|US7316919||Feb 2, 2004||Jan 8, 2008||Nysa Membrane Technologies||Composite materials comprising supported porous gels|
|US7317053||Jul 10, 2000||Jan 8, 2008||Hercules Incorporated||Compositions for imparting desired properties to materials|
|US7396465||May 1, 2007||Jul 8, 2008||Pall Corporation||Positively charged membrane|
|US7494944 *||Dec 9, 2005||Feb 24, 2009||Rhodia Inc.||Method for durable hydrophilization of a hydrophobic surface|
|US7628917 *||Dec 8, 2009||Whatman, Inc.||Porous composite membrane and method for making the same|
|US7819956||Jun 30, 2005||Oct 26, 2010||Siemens Water Technologies Corp.||Gas transfer membrane|
|US7867417||Dec 2, 2005||Jan 11, 2011||Siemens Water Technologies Corp.||Membrane post treatment|
|US7867592||Jan 11, 2011||Eksigent Technologies, Inc.||Methods, compositions and devices, including electroosmotic pumps, comprising coated porous surfaces|
|US7875159||Jan 25, 2011||Eksigent Technologies, Llc||Electrokinetic pump having capacitive electrodes|
|US7883767||Sep 29, 2005||Feb 8, 2011||Mcmaster University||Composite material comprising layered hydrophilic coatings|
|US7988891||Jul 14, 2006||Aug 2, 2011||Siemens Industry, Inc.||Monopersulfate treatment of membranes|
|US8057574||Dec 28, 2009||Nov 15, 2011||Siemens Industry, Inc.||Membrane post treatment|
|US8133840||Jun 6, 2005||Mar 13, 2012||Natrix Separations Inc.||Stable composite material comprising supported porous gels|
|US8137561||Jun 23, 2011||Mar 20, 2012||Emd Millipore Corporation||Media for membrane ion exchange chromatography based on polymeric primary amines, sorption device containing that media, and chromatography scheme and purification method using the same|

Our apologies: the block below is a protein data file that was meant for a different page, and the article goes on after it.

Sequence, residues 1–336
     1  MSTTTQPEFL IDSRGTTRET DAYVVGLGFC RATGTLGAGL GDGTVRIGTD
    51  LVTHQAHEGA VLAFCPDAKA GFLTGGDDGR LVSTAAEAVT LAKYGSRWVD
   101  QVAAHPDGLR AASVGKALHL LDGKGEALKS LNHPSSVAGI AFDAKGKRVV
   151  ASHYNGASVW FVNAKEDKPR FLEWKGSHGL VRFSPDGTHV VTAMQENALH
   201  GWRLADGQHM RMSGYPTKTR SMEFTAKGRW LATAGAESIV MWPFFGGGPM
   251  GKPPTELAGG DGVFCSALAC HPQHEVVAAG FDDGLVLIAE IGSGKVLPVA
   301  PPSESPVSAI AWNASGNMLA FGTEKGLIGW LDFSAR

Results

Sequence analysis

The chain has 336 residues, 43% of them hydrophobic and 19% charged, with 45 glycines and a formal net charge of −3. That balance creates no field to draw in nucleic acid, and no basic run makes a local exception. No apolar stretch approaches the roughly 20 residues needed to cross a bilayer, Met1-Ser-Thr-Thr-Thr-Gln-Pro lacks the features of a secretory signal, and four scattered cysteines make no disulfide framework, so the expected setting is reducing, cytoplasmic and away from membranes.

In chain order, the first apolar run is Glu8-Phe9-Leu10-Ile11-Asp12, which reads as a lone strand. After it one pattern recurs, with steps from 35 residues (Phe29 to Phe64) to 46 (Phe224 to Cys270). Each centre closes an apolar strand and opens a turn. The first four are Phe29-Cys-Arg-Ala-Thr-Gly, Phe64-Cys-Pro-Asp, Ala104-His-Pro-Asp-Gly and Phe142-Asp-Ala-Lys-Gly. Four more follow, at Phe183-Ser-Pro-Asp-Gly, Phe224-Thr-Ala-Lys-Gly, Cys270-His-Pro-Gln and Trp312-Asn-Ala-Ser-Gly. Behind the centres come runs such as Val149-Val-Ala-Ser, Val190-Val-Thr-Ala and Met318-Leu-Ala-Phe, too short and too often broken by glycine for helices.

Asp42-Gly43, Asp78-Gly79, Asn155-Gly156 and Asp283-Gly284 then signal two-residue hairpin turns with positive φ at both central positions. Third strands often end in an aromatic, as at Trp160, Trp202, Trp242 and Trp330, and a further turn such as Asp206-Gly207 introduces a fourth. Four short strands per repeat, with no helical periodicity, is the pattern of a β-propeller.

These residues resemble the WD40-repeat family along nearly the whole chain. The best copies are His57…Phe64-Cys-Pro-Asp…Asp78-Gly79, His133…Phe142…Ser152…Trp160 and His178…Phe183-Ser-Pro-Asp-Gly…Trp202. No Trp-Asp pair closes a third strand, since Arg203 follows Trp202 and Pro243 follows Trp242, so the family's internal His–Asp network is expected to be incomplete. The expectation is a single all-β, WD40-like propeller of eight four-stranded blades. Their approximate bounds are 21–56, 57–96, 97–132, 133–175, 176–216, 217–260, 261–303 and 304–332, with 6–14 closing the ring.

|US8152477||Nov 22, 2006||Apr 10, 2012||Eksigent Technologies, Llc||Electrokinetic pump designs and drug delivery systems|
|US8182694||Apr 7, 2005||May 22, 2012||Natrix Separations Inc.||Membrane stacks|
|US8187880||Apr 23, 2008||May 29, 2012||Natrix Separations, Inc.||Composite materials comprising supported porous gels containing metal-affinity ligands|
|US8192604||Jan 25, 2011||Jun 5, 2012||Eksigent Technologies, Llc||Electrokinetic pump having capacitive electrodes|
|US8192971||Sep 16, 2008||Jun 5, 2012||Natrix Separations Inc.||Separating substances with supported porous gels containing metal-affinity ligands complexed with metal ions|
|US8206958||Dec 5, 2007||Jun 26, 2012||Natrix Separations Inc.||Absorbing biological substances from liquid with supported porous gels containing binding sites|
|US8206982||Oct 14, 2008||Jun 26, 2012||Natrix Separations Inc.||Composite materials comprising supported porous gels containing reactive functional groups|
|US8211682||Jul 3, 2012||Natrix Separations Inc.||Composite material comprising supported porous gel containing functional groups and method of separating substances|
|US8251672||Dec 3, 2008||Aug 28, 2012||Eksigent Technologies, Llc||Electrokinetic pump with fixed stroke volume|
|US8262778||Aug 10, 2011||Sep 11, 2012||Siemens Industry, Inc.||Membrane post treatment|